There are also significant ruins here of the ancient city of Hieropolis, founded sometime between the 4th and the 2nd century BC. We strolled through them on our way back down the hill, taking the long way home rather than hike back down the travertine.  Sorry though, no pics of them. You'll just have to go there yourself!

As our readers already know, we are traveling  s  l  o  w  l  y   on this trip.   Although many people recommend going to Pamukkale as a day trip, we planned to stay here for two nights to enjoy the scenery. After being eaten alive by mosquitos and finding that there was really nothing to do or see here other than what we had already done. We checked out a day early, boarded an overnight bus and headed off to Cappadocia.

Up Next: The Surreal Landscape of Cappadocia  Here is a sneak peak.

Tuesday Market at Tire

Posted by Thane

September 7, 2010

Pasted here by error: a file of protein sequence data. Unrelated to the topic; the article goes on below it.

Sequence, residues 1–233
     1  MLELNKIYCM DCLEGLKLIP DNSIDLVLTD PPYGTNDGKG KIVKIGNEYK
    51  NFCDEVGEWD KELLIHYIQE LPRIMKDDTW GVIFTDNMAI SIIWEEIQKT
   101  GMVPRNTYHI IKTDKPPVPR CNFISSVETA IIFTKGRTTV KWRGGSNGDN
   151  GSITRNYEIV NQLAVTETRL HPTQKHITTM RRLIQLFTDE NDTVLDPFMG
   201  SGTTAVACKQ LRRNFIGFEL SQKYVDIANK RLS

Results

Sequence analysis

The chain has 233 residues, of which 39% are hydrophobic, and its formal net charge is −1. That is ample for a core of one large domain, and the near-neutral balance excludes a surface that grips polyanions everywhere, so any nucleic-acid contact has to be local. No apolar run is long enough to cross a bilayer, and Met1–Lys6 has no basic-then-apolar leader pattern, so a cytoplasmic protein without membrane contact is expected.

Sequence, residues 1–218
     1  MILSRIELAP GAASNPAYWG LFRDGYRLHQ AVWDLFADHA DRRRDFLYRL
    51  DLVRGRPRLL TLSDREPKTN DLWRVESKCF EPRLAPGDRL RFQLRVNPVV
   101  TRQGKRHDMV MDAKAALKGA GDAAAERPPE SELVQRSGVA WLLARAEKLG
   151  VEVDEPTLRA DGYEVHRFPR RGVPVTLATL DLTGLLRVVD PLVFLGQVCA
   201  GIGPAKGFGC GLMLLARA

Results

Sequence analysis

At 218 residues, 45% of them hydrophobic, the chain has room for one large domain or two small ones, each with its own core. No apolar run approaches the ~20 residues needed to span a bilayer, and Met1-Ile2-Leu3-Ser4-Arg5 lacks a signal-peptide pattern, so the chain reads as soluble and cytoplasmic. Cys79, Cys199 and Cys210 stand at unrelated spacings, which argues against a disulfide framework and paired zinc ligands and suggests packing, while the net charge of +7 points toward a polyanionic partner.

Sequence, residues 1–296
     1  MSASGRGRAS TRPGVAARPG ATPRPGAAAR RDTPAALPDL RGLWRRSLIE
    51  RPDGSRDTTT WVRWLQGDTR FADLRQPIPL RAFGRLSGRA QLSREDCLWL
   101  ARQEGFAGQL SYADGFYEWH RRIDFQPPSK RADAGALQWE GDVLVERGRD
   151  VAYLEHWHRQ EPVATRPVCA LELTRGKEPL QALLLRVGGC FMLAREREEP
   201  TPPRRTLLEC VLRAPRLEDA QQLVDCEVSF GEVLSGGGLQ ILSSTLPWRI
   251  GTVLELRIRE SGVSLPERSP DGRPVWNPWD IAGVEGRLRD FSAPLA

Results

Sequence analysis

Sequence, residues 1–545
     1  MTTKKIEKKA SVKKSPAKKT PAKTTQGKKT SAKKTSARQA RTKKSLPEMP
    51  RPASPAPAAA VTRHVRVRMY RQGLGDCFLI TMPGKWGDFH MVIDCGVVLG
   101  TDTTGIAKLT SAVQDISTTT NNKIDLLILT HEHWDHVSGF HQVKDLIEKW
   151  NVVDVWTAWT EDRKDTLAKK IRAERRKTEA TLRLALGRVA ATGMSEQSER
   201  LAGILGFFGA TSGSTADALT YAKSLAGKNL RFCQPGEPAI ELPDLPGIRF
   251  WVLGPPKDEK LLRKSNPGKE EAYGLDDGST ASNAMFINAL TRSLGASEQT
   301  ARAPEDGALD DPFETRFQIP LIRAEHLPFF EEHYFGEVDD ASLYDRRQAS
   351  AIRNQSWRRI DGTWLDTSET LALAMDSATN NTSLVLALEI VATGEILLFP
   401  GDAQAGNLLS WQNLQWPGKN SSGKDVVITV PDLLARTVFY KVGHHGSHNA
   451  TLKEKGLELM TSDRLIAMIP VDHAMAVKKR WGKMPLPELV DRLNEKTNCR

About a half an hours dolmus ride from Selçuk is a small village where the locals purchase most their needs for the week. We were told that in Tire (pronounced Tee-ray) we would find most women in traditional dress and very few tourists. We started to see this as we rode the dolmus out of town and stopped at each small settlement along the way to pick up Tuesday shoppers.

We wandered off into the congested, covered streets to find everything from clothing, fruits and vegetables, lace and dry goods to the donkey saddle maker.

Melissa found it hard to not purchase something with so many beautiful things available. But if we buy anything, we have to eliminate something else in our already stuffed backpacks. If we can't eat it, drink it or store it digitally we probably just have to look.

While some of the local shoppers rested their feet,
we stopped by the one of the many old Mosques in town for a respite from the crowds and noise.

We strolled past the men having tea and discussions outside the Mosque and wandered down little back streets with beautiful colors on our way back to the dolmus stand for our ride back to Selçuk.

We stayed a couple more days in Selçuk enjoying the town and going to the beach.

Next up: Pamukkale, a Unesco World Heritage Site with hot springs, travertine pools and the Sacred Pool at Hierapolis.